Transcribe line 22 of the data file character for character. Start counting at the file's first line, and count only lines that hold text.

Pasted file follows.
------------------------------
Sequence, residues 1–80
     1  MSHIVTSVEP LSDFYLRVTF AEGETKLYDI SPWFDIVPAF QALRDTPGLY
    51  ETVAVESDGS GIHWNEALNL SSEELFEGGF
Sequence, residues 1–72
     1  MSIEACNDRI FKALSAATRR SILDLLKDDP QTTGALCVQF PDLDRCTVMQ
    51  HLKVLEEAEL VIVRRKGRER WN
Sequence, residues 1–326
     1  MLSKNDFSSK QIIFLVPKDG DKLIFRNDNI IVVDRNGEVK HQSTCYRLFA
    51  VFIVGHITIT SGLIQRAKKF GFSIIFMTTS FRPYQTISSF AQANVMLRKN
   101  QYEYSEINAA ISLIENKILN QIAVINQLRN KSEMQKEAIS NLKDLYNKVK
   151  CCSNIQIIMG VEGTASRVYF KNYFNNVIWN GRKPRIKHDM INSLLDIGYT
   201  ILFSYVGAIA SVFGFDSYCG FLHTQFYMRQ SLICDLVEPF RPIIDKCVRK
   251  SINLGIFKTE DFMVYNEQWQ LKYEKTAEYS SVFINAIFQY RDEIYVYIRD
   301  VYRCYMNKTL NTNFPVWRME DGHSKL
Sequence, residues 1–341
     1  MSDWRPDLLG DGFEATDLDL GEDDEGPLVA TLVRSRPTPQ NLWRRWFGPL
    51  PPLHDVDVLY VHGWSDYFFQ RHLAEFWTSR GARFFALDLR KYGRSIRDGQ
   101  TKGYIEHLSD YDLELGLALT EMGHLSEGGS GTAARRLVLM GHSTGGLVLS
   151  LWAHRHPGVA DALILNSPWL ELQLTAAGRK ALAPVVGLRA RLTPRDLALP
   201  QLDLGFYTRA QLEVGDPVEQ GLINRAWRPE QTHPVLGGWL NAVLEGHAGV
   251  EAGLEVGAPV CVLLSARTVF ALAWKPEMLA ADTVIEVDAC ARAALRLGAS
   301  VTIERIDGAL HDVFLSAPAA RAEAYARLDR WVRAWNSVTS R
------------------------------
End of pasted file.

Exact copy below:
   301  VTIERIDGAL HDVFLSAPAA RAEAYARLDR WVRAWNSVTS R